Roland Hetzer, Oliver Miera, Joachim Photiadis, Edwald Hennig, Christoph Knosalla, Eva Maria Delmo Walter
The use of mechanical circulatory support devices to keep patients alive until transplantation has become essential in the face of an increasing organ shortage. We report successful heart transplantations after 841 days of left ventricular assist device (LVAD) support in a child with hypoplastic left heart syndrome, and after 547 days of biventricular assist device (BVAD) support in another child with cardiomyopathy. To our knowledge, this report is the first on the longest-term (841 days) LVAD and the longest-term (547 days) BVAD support in children who were mobile and awake during the support, as a most effective bridge to heart transplantation...
November 2014: Annals of Thoracic Surgery
Thomas Strecker, Johannes Rösch, Michael Weyand, Abbas Agaimy
BACKGROUND AND AIM: Ventricular assist devices (VAD) have become an established therapy for patients with end-stage heart failure. The two main reasons for this development are the shortage of appropriate donor organs and the increasing number of patients waiting for heart transplantation (HTX). Furthermore, the enormous advances in the technical equipment and the rising clinical experience have improved the implantation technique, the durability and the long-term patient outcomes. METHODS: We reviewed all cases of left ventricular assist device (LVAD) implantation at our Erlangen Heart Center during January 2000-July 2013...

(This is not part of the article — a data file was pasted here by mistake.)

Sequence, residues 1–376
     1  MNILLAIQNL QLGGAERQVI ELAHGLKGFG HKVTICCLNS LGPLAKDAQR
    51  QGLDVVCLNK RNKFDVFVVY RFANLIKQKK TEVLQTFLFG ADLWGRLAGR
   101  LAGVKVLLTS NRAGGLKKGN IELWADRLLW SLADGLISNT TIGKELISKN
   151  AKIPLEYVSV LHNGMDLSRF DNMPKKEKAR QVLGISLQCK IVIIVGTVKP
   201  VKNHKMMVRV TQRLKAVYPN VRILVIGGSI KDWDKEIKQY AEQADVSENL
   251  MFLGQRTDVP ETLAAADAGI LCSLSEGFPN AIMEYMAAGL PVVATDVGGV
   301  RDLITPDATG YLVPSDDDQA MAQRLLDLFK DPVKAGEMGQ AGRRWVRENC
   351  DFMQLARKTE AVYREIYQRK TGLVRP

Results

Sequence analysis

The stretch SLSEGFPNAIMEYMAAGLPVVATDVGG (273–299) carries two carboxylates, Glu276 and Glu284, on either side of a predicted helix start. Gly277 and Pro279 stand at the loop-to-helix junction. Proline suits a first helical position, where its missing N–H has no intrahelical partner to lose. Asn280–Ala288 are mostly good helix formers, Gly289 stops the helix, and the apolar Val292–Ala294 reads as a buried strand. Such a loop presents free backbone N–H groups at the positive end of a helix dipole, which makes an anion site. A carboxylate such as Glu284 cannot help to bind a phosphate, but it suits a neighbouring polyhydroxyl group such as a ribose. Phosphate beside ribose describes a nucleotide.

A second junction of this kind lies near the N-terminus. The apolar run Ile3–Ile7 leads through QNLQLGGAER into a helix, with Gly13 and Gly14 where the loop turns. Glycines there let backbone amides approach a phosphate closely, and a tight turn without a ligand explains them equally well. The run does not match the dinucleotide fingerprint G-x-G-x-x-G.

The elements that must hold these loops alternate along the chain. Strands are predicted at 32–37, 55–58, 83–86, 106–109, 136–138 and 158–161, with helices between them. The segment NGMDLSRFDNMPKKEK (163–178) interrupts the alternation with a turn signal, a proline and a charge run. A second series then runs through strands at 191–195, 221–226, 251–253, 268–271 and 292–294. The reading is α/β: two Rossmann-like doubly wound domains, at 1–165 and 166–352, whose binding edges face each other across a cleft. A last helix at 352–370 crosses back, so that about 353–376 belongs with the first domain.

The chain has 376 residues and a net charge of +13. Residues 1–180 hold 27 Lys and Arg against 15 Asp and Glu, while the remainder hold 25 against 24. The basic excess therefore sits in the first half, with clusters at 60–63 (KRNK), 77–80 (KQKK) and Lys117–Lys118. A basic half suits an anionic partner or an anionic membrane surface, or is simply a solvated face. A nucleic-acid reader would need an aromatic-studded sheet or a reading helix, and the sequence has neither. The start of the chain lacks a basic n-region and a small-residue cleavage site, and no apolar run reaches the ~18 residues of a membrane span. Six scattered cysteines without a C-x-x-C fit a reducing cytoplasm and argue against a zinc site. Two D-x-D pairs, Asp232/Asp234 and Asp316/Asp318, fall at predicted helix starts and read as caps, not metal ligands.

2014: International Journal of Clinical and Experimental Pathology
Daisuke Yoshioka, Koichi Toda, Yasushi Yoshikawa, Yoshiki Sawa
We report the successful longest biventricular support using dual Jarvik 2000 biventricular assist device (BVAD; Jarvik Heart, Inc., New York, NY, USA) as a bridge to transplant. A 27-year old woman with arrhythmogenic right ventricular cardiomyopathy underwent implantation of two Jarvik 2000s as a left ventricular assist device and right ventricular assist device. Although several BVAD-related complications including haemolysis, hepatic dysfunction, heart failure and pulmonary valve insufficiency developed at a very late stage, she was successfully bridged to heart transplantation after 1245 days of biventricular support, which is the longest in the literature...
December 2014: Interactive Cardiovascular and Thoracic Surgery
Richard J Blanch, Zubair Ahmed, Adam R Thompson, Nsikan Akpan, David R J Snead, Martin Berry, Carol M Troy, Robert A H Scott, Ann Logan